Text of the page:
MLB.com recently released its annual top 100 prospects list. With the volume and tedium of the minor leagues, these lists can prove high value; but on the other hand, ranking the best players in the minors can spark plenty of debate. I’ll add to that debate by highlighting 5 guys who were underrated prospects in that list.
While Shohei Ohtani holds the coveted number one spot, I’m not sure he fits the prospect mold correctly. At the very least, I do not view him the same way I view a 20-year-old who is developing his way to the major leagues. For example, Vladimir Guerrero Jr., who became the first prospect to ever receive an 80 grade hit rating, and ranks third overall behind Ohtani and Ronald Acuna.
As I sifted through all 100 players, there were 5 who particularly stood out as underrated.
Dane Dunning – No. 92 – RHP – Chicago White Sox
Scouting grades: Fastball: 60 | Slider: 55 | Changeup: 55 | Control:60 | Overall:55
A first-round draft pick in 2016 out of Florida, Dunning was acquired by Chicago in that interesting Adam Eaton–Lucas Giolito trade. In 2017, he posted a 2.94 ERA with 168 strikeouts in 144.0 innings. On top of this, he allowed only one home run in his first 61.1 professional innings.
The only drawback here is that Dunning is 23 years old and hasn’t reached the AA level yet, but he has all the qualities to move up in the White Sox organization; including athleticism, a repeatable delivery, and high strike percentage.
By no means should Dunning be in the top 10, or even the top 25, but being 92nd certainly seems disrespectful at this point. He projects to be a consistent 3rd starter, which would have been useful for the Nationals.
Ryan McMahon – No. 41 – 1B/2B/3B – Colorado Rockies
Scouting grades: Hit: 55 | Power: 55 | Run: 40 | Arm: 55 | Field: 50 | Overall: 55
A second-round pick in 2013, McMahon found his stride in 2017. He was hitting .326 in AA ball when the Rockies promoted him to AAA, where he hit a whopping .374 in 70 games with 14 homers and 56 RBIs.
McMahon is the second ranked 1B prospect, but his versatility has set him apart from other bat-only types. Being able to play three infield positions makes him much more attractive to the big league club. It appears he is starting to receive some of the credibility he deserves. With no true first baseman (sorry, Ian Desmond), expect McMahon to hold it down for Colorado this upcoming season.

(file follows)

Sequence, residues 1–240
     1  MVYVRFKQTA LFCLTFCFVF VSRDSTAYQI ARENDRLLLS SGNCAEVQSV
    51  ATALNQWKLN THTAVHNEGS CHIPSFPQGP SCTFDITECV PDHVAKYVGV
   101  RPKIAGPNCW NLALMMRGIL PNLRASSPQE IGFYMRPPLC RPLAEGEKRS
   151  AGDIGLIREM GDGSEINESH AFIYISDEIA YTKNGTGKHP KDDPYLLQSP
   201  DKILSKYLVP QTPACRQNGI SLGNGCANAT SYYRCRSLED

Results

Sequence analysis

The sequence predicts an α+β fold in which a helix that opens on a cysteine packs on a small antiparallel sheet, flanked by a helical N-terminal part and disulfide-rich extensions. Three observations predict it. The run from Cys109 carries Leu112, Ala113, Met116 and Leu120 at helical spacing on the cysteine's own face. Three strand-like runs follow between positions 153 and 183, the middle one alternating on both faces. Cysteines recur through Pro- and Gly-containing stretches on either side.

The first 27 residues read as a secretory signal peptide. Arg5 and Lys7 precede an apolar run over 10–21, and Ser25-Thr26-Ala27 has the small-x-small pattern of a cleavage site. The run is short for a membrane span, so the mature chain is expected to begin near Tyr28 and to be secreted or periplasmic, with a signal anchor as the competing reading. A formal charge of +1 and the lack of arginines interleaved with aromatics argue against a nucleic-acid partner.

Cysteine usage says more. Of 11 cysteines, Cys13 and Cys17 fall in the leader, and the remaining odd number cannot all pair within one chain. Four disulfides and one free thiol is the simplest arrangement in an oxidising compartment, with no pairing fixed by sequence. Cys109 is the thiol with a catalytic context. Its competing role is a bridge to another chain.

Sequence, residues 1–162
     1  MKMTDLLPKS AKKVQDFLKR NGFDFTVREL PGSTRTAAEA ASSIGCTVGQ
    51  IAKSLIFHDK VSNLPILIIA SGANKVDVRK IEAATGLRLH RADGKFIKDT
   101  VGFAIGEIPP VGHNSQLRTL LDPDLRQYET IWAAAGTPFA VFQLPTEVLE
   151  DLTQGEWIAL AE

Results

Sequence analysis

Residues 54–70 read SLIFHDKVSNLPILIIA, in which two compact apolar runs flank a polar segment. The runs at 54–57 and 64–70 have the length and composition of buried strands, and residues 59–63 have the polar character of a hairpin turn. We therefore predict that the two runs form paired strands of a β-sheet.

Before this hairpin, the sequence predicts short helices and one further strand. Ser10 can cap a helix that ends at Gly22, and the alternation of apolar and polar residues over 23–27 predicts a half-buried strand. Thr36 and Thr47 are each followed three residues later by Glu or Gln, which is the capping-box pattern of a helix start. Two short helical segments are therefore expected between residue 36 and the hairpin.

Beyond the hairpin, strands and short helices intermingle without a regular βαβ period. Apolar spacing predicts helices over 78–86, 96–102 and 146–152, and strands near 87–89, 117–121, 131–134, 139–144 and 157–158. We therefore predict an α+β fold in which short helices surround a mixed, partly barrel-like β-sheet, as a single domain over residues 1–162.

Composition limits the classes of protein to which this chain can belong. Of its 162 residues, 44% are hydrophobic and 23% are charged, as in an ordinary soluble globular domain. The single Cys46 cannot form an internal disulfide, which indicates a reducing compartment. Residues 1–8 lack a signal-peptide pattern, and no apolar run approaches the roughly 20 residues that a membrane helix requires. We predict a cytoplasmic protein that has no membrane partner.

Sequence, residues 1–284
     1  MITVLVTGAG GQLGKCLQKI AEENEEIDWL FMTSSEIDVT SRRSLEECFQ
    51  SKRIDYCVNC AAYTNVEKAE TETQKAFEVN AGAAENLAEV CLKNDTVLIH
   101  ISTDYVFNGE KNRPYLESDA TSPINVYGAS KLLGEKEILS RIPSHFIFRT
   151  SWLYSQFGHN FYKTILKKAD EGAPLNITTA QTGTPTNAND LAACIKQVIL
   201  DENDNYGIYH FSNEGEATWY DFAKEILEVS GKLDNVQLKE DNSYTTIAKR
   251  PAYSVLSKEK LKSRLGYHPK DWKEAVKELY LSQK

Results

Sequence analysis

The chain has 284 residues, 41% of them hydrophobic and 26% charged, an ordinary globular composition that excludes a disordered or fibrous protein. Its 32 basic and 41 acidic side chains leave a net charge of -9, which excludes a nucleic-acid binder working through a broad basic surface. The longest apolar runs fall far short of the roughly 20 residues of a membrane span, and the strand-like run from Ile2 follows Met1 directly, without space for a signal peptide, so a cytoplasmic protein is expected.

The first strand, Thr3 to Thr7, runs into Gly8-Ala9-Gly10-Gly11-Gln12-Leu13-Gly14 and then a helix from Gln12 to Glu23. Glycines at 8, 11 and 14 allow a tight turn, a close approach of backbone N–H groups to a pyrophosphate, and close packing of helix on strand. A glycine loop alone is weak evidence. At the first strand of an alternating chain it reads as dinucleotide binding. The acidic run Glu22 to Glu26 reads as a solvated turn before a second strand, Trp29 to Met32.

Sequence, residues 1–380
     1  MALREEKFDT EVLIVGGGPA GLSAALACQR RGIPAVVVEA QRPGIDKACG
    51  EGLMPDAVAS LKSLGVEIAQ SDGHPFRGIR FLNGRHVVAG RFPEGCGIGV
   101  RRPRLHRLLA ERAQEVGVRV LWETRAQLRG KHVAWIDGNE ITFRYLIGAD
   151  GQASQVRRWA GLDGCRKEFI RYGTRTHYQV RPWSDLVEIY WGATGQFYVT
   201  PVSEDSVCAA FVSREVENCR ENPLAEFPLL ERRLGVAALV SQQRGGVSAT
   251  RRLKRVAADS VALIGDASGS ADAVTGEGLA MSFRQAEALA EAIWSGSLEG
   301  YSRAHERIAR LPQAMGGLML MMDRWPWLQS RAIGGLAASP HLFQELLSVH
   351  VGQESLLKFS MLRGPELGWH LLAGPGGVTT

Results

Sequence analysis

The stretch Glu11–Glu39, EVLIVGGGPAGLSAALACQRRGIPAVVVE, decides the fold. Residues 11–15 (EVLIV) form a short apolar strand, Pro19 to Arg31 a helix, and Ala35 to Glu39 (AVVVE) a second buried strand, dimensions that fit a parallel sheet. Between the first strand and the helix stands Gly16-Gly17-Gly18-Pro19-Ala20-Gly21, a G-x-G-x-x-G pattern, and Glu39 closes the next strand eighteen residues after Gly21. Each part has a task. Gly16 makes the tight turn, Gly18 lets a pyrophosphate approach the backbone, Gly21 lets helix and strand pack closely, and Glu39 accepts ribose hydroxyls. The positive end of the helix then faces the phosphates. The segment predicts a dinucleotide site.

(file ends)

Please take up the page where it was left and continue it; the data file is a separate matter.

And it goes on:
Juan Soto – No. 29 – OF – Washington Nationals
Scouting grades: Hit: 60 | Power: 55 | Run: 50 | Arm: 50 | Field: 50 | Overall: 55
The 19-year-old Soto only has 301 professional plate appearances under his belt, but he has made the most of them. His lowest batting average so far is .320, and his highest is .429 (a 9-21 stretch in the New York-Penn League in 2016). After returning from a few injuries, he hit .360 in his first full season.
Soto also possesses some intangibles: natural hitting ability and maturity. He’s rarely overmatched, and could easily be a regular contributor for the Nats on the big-league level. His MLB ETA is set for 2020, but if he continues his torrid pace, there’s no way Washington can keep him in the minors for that long.
29th is an acceptable ranking for now, but come next year, Soto should be able to crack the top 15.
Jake Bauers – No. 64 – OF/1B – Tampa Bay Rays
Scouting grades: Hit: 55 | Power: 50 | Run: 45 | Arm: 50 | Field: 50 | Overall: 55
A seventh-round pick by the Padres in 2013, Bauers ended up in Tampa as part of the Wil Myers trade. He has advanced quickly, and was the Arizona Fall League’s youngest player in 2015. To put it simply, he strikes out a lot. 112 times in 2017, but he is productive on both offense and defense.
With AAA Durham in 2017, Bauers hit 13 homers, 68 RBIs, and 31 doubles to go along with a .263/.368/.412 slash line. These numbers don’t stand out too much, but according to MLB.com, his advanced approach at the plate puts him closer to the big leagues.
With Tampa’s only first base option being Brad Miller, expect Bauers to come in and relieve Miller sooner rather than later.
Bo Bichette – No. 14 – SS/2B – Toronto Blue Jays
Scouting grades: Hit: 70 | Power: 55 | Run: 50 | Arm: 55 | Field: 45 | Overall: 60
It is hard to argue that the number 14 overall prospect is underrated, but Bichette seems to be taking a hit from playing in Vlad Jr.’s shadow. He’s made rookie ball look far too easy, slashing .427/.451/.732. He won the Midwest League MVP award after leading the entire minor leagues in hitting at .362. Scouts had worries about his violent, Javier Baez-like swing, but the numbers speak for themselves.
Bichette is a natural hitter with raw power, and has good enough instincts to remain at shortstop as long as he can. The sky is the limit for Bichette, and there aren’t many other prospects that have the same balance of talent he does. He’s set to hit the big leagues in 2019, and there’s no doubt that he is worthy of a top 10 ranking.